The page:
Opening a restaurant with no restaurant experience is not something most business schools would advise.
There are exceptions to every rule, however, although Wisberg and Myriam Pierre don’t refer to themselves as exceptional.
“You can accomplish anything you want if you work hard and put your mind to it,” is their philosophy. These are not merely words and they have good reason to expect this most recent endeavor will be as successful as their previous and on-going other businesses.
The story begins when the Pierres brought young Wisberg from Haiti. As with so many immigrants, they began in farm work; his mother in a packing house and father in the fields. They moved on from that, yet with the same strong work ethic and faith they instilled in their son.
A graduate of South Dade High School, football took him to college in California. He studied computer technology and embraced a lifelong recognition of the value of vocational training.
Returning to the area, he taught at Job Corps for almost a decade where he urged students to choose whatever path was right for them. Pierre strongly advocates for students to understand they can receive technical certifications in a wide range of fields in one-to-two years and go immediately to work in well-paying jobs. College is an option they can pursue when and if they are ready.
In leading by example, he has always held more than one job to include IT network support and computer repair on the side or working in agriculture with one of the farmers for a time.
On a personal note, he renewed a friendship with Myriam in 2000 when they met at a party. They had known each other when they were younger as she would visit with her mother in Homestead each summer. Both single parents at this stage of their lives, the relationship blossomed into marriage.
In 2012 a former student contacted, “Mr. Pierre”, as he still called him and suggested he apply for an Information Technology job at the NBC Channel Six office in Miramar. That drew him away from Job Corps and in the meantime, the couple established a small cleaning business with three employees. Growth and government contracts followed when they were subcontracted by a larger company. Their superior performance resulted in more contracts. At their peak, they had work in multiple states as distant as California and almost 400 employees.
Circumstances caused them to be in Jacksonville at different times and in searching for seafood they found a Krab Kingz. While enjoying their meals, a map showing where franchises were located started the thought of entering into something else new. They spoke with the manager who was the sister of the franchise owner. The phone call with the owner became a “small world moment” as he, too, was a former Job Corps student of “Mr. Pierre”.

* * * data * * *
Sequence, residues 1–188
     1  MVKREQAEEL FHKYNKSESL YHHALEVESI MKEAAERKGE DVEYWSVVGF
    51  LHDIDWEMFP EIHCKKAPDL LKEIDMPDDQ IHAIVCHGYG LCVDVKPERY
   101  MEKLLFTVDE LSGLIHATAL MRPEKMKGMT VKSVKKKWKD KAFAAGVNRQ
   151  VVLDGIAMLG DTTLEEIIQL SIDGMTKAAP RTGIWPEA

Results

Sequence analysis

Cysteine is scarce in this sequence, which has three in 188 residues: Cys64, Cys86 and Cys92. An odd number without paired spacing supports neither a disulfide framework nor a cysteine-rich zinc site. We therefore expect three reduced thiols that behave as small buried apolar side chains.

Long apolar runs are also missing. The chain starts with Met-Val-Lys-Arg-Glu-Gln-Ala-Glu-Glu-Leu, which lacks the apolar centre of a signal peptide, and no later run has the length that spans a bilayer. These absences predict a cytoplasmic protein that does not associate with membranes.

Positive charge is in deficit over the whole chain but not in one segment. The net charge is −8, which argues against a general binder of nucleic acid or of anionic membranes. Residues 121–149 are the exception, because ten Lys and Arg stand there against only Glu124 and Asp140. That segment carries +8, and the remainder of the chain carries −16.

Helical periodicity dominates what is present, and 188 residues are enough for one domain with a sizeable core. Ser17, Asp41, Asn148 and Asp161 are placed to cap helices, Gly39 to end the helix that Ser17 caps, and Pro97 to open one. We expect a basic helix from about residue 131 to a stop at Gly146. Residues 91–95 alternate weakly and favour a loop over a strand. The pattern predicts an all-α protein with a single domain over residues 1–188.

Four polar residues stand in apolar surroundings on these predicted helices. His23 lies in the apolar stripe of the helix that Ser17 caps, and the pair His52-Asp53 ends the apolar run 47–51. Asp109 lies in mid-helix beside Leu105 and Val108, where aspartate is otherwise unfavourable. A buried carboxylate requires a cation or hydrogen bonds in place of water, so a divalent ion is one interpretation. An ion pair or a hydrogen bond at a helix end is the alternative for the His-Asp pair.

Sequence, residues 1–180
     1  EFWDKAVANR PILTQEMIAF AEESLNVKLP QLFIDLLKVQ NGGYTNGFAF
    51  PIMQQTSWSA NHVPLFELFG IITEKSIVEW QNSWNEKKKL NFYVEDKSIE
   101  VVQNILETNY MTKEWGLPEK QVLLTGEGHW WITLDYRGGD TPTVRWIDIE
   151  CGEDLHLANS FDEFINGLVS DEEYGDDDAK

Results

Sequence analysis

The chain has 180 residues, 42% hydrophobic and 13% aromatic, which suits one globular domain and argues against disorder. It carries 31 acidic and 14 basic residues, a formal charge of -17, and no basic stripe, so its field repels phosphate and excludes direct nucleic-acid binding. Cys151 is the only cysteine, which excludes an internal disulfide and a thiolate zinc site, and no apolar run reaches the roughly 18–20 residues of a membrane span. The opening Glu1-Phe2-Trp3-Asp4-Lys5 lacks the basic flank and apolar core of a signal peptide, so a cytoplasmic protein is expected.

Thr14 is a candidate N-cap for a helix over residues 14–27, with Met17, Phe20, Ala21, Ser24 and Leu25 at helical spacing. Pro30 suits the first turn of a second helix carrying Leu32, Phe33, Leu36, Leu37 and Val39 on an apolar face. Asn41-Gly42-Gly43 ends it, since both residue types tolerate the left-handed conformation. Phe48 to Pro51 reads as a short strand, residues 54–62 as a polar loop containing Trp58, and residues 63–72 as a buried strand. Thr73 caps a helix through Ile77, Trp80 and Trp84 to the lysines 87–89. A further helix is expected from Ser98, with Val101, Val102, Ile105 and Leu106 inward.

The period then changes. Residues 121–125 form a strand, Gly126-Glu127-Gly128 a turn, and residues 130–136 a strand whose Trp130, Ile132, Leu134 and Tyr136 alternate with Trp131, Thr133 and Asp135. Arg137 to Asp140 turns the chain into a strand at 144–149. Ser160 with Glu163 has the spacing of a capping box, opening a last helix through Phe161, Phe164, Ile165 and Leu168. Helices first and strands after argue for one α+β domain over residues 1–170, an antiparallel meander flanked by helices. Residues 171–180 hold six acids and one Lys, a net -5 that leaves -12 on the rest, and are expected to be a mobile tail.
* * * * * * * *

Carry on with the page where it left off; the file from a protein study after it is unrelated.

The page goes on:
The couple decided to invest and explained why not having a specific restaurant background wasn’t an impediment for them.
“The advantage of a franchise is the menu and other details are already established.”
They knew how to manage employees, a business, and deliver customer service. The location they selected in 2018 in Sailfish Landing Shopping Plaza in Florida City required a significant buildout to be ready as a restaurant with an anticipated 2020 completion. With the cleaning business doing well, they also made the decision for Wisberg to leave the job in Miramar. When they went to visit friends in Memphis, they spoke enthusiastically about their plans. The husband of the couple they were visiting was looking to perhaps change careers and those conversations led to the Pierres entering into partnership to open two Krab Kingz in Memphis even before the October 31, 2020 opening in Florida City.
“We welcome everyone who comes in,” they said of their business approach. “We have strict standards for cleanliness and quality.”
They currently have twelve employees and source as much as possible from neighboring small businesses.
“Our desserts are from a local baker.”
For items that require use of a larger supplier they have a firm rule about buying only American products.
“This country may have issues, but hands down it’s still the greatest country in the world.” They are both active Christians and have done mission work in impoverished countries. “When you travel as much as we have, it gives you a different perspective.”
The seemingly tireless couple have encountered setbacks as does anyone who takes on a challenge. “You can still accomplish so much,” Myriam said. “Focus on your dreams and goals and helping your community.”
The restaurant offers dine-in, carryout, and delivery Tuesday through Sunday, 11:30 a.m. to 9:00 p.m. with boiled and fried seafood options and flavored butters as a special touch. They have chicken, pasta and Po-boy sandwiches to round out the menu.
The full offerings and hours of operation can be found at https://www.krabkingzfl.com; (786) 410-8100 and on Facebook.